King and queen fend their gold and filver plate to the mint. Patriotic donations incapable of relieving the neceffities of the ftate. Extraordinary tax decreed, under the name of a patriotic contribution, by which each man was . to contribute one fourth of his annual revenue to the exigencies of the ftate. Loud complaints and violent animofities excited by this partial tax. Embarraments and difficulties which the national assembly experienced in framing the new declaration of rights. Great debates upon the propriety or inexpedience of adopting the measure. Declaration at length passed and promulgated. Saying of Mirabeau upon the fubject. Afjembly divided into a number of fections or committees, to each of which is affigned fome specified part of the new conftitution, on which it is to make a report. Grand question arifes, What share of authority it was fitting the king should pofJefs in the new legislature? This operates like a touchfton in trying every man's principles, and compelling him to an open avowal of them. dfembly arranged, face to face, in two great hoftile divifions, apparently equal in ftrength and numbers. Violent contests enfue, and are so long continued, that the people without, and at length the whole nation, become parties in them. State of the parties within and without, who thus divided the affembly and the nation. King's veto, or negative, with respect to the paffing of laws, one of the fubjects most violently and generally agitated. Populace of Paris interfere openly in the queftion of the veto 3 while the crowds in the galleries of the affembly become jo daringly audacious, as by bootings and revilings to endeavour to drown the voices, and by infults and menaces to deter from giving their votes all thofe members who Supported the rights of the crown. Long lifts of members who were marked for profcription, and destined to be victims to the vengeance of the people, published in Paris, and diftributed through every part of the kingdom. Popular fermentation in Paris rifen nearly to its highest pitch. The notorious N 4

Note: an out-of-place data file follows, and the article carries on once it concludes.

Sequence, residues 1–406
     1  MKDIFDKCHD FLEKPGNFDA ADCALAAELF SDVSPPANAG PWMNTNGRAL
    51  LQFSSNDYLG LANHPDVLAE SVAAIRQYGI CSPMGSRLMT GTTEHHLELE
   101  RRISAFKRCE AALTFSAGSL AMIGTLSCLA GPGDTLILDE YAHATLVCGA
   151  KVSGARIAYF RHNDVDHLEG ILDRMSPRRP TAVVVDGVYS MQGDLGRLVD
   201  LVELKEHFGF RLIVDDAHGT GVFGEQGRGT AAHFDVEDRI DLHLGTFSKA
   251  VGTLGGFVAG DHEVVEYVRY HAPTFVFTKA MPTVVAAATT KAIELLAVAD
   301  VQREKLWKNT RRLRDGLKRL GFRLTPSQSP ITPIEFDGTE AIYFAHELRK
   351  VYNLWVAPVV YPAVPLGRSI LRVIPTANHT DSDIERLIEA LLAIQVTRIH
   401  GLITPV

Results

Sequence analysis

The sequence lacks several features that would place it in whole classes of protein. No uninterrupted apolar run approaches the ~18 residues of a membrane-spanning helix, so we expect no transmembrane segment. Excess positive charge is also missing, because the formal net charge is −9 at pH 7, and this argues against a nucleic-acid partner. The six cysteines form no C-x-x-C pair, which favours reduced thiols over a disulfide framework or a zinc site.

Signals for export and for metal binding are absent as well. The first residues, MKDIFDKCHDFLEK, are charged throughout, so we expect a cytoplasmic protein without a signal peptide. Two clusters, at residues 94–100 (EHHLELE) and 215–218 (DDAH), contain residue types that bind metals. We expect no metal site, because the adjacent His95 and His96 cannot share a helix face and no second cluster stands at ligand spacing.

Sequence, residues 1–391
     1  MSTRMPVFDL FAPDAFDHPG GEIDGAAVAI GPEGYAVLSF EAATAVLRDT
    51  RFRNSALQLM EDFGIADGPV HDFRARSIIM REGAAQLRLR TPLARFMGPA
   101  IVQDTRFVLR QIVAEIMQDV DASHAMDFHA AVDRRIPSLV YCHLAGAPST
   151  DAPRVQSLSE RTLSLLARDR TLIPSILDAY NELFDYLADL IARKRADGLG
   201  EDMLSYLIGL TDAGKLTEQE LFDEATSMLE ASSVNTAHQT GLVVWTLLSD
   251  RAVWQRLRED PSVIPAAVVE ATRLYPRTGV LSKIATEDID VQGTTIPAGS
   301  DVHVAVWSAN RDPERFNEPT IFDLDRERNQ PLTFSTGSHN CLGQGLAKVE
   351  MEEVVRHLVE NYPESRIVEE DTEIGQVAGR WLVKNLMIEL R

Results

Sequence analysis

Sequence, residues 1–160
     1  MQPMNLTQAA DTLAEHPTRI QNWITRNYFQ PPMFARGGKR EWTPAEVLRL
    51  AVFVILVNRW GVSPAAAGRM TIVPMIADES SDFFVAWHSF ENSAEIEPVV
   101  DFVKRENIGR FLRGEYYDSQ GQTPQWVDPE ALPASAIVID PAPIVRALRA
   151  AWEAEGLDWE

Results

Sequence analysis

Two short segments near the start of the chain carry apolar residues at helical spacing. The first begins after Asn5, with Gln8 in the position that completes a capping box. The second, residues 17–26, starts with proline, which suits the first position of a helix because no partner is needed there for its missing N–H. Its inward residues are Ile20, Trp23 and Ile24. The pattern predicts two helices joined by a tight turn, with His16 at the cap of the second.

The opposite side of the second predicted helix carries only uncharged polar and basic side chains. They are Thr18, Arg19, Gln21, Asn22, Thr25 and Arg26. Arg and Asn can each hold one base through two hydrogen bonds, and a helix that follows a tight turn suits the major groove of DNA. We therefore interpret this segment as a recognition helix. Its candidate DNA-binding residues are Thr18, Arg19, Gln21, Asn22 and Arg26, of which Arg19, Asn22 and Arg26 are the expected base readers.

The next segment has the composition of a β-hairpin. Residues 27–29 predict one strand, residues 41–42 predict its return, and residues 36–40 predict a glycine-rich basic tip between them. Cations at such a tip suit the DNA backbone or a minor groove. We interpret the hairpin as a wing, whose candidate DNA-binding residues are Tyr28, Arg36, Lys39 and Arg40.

St. Huruge, attempts to have the king, the dauphin, and the national affembly, brought to Paris; but by the spirited exertions of La Fayette, Bailly, and the Hotel de Ville, the leaders are committed to prison, and the fedition quelled. Heavy complaints made to the affembly by feveral of its members of thofe treasonable attempts against the freedom of the king, as well as of that body itself; and likewife of the lifts of profcription which were publifhed, and of the incendiary letters by which they were continually menaced with deftruction; but Mirabeau with his faction turn the whole complaint into ridicule. Numberless charges of fuppofed plots and confpiracies now made against the royalifts; which effectually anfwer one purpose, in exciting a general alarm and ferment through the nation. The Parifians, in particular, become again dangerously outrageous, and every thing bears the fame afpect as in the preceding months of June and July. In this ftate of affairs, the king, ever wishing to preferve or reftore tranquillity, fends Neckar with a propofal to the afembly, declaring that he would be contented with a fufpenfive veto, whofe operation fhould not last longer than one or two legiflatures. This propofal received with fatisfaction; and it was decreed, that the royal fufpenfion fhould continue during two legislatures. Great debates on the question, whether the national affembly should be compofed of one or two chambers. Question at length carried for a fingle chamber by a prodigious majority. Members obliged to procure certificates how they had given their votes, to preferue their houfes and families from deftruction. Affembly decree, that the legislative body shall be renewed every two years by elections. Receive a letter from the king, containing his objections to certain parts of fome of the new laws, which occafions much discontent in the affembly. King obliged to give his fanction fimply, and without comment, to the laws in question. Things tending faft to an extraordinary crifis both in Paris and Verfailles. Affembly, however, confirm the hereditary fucceffion of the crown; and declare the king's perfon facred and inviolable. Arrival of the regiment of Flanders at Verfailles, the cause or pretence of the ensuing mischiefs. Entertainment given by the officers of the king's life guards to thofe of the new corps, productive of much licentioufnefs and folly. This banquet occafions a violent ferment both at Paris and Verfailles. Numerous army of women, after plundering the torn house, and supplying themfelves with arms and artillery, march from Paris to Verfailles. Are followed by unnumbered bands of ruffians. And not long after by La Fayette, at the head of a confiderable army of the national guards. Events of the 5th and 6th of October. King and royal family led captive to Paris. Tumult in Paris, and the murder of a baker, foon after the arrival of the national affembly, occafion the greatest alarm and apprehenfion in that body. Severe decree paffed, by which the magiftrates are empowered to proclaim martial law, and to proceed to the last extremities in repreffing the future outrages of the mob. La Fayette procures the Duke of Orleans' departure to England.